[Advaita-l] Ramopakhyana of Mahabharata vs. the Uttara Kanda of Ramayana
sunil_bhattacharjya at yahoo.com
Fri Jun 10 12:56:35 CDT 2016
It is indeed mentioned in the end of the 74th chapter of the Uttara kanda of the Valmiki Ramayana that the boy would come back to life, wnen Lord Ram would take the right action. Lord Ram called a meeting of Vashishtha and others to discuss the issue and he asked the boy's body to be kept in a boat of oil. Obviously Ramayana means that the boy could be revived after Lord Ram took the appropriate action.
The shudra's prime duty in that age was "paricharya" (i.e., attending to and nursing) and it could be that the physician, who treated the boy, could have given the job of looking after the patient to the shudra man but the latter neglected his duty and tried to do Tapa instead and as a result the boy went into coma. Lord Ram acted as per the decision taken in that meeting and the boy was also treated and saved.
Subject: Re: [Advaita-l] Ramopakhyana of Mahabharata vs. the Uttara Kanda of Ramayana
To: "S Jayanarayanan" <sjayana at yahoo.com>, "A discussion group for Advaita Vedanta" <advaita-l at lists.advaita-vedanta.org>
Date: Friday, June 10, 2016, 2:33 AM
Sorry to "resurrect"
an old discussion...
Last night, while
reading Mahabharata, I came across an episode in Shanti
It is in section 153
where Yudhishthira asks Bhishma if he has ever heard
of a mortal being restored to life after having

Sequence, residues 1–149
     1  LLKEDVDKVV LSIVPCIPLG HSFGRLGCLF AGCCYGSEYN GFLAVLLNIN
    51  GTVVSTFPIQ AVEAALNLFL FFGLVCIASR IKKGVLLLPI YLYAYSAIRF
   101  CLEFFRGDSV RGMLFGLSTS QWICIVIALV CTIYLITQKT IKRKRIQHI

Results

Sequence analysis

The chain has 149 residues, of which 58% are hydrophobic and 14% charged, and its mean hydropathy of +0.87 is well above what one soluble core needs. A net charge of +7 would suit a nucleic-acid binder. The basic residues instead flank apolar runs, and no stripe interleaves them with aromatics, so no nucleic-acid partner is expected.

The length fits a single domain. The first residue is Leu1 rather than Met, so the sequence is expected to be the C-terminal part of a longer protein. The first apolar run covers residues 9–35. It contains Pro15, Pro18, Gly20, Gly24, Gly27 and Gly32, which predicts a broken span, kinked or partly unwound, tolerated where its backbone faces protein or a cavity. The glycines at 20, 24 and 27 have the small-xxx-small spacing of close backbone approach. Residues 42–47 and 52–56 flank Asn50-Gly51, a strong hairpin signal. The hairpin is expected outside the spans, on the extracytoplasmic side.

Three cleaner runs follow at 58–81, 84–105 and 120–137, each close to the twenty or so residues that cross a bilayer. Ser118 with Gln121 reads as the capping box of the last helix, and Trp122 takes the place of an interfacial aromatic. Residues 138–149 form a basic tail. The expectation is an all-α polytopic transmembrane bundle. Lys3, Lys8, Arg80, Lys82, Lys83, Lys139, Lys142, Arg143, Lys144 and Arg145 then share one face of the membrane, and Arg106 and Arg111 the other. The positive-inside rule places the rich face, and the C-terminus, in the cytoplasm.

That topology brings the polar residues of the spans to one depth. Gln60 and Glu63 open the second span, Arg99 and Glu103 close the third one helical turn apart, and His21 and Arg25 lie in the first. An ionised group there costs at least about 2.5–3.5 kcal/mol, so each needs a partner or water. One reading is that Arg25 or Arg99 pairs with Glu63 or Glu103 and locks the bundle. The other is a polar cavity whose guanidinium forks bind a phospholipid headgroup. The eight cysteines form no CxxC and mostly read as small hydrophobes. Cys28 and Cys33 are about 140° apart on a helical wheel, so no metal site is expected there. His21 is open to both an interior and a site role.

succumbed to death.
In the Answer, there is
a reference to Sri Rama and the Sudra Samvuka.
A child had died before the father, and the
father petitioned Sri Rama's
this had not occurred in the kingdom during His reign.
The reason was that Samvuka was engaged in
ascetic penances and so Sri Rama
cut off his
head and the child was restored to life.
This story is from the Uttara Kanda.
I am not really in a position to answer the
initial question about whether
it was part
of the original Ramayana of Valmiki.
may have received the story from another source.
The point is that at the time of the
composition of Mahabharata, this story
known...even though not mentioned in the
Yours in Truth
On 3 May 2016 at 02:03, S Jayanarayanan via
advaita-l at lists.advaita-vedanta.org>
> It has
debated whether or not the Uttara Kanda constitutes a part
> original Valmiki Ramayana, or is
a later addition to the text.
> Here is the reason why I believe the
Uttara Kanda may not have been a part
of the original Valmiki Ramayana:
Mahabharata actually contains the "Story of Rama, the
> Dasaratha", known as
"Ramopakhyana". After talking about Rama and
> going to the forest,
Sita's captivity, Hanuman setting fire to Lanka, war
> with Kumbhakarna, death of Ravana, freeing
Sita etc., it ends with:
> "And then
assisted by the celestial Rishi (Vasishtha), Rama performed
> the banks of the Gomati ten horse
sacrifices without obstruction of any
kind and with treble presents unto Brahmanas."
> Surprising that the
"Ramopakhyana" as narrated in the Mahabharata
> exactly at the same place as the
Yuddha Kanda of the Valmiki Ramayana (i.e.
> the beginning of Rama Rajyam), with no
mention of the later events of the
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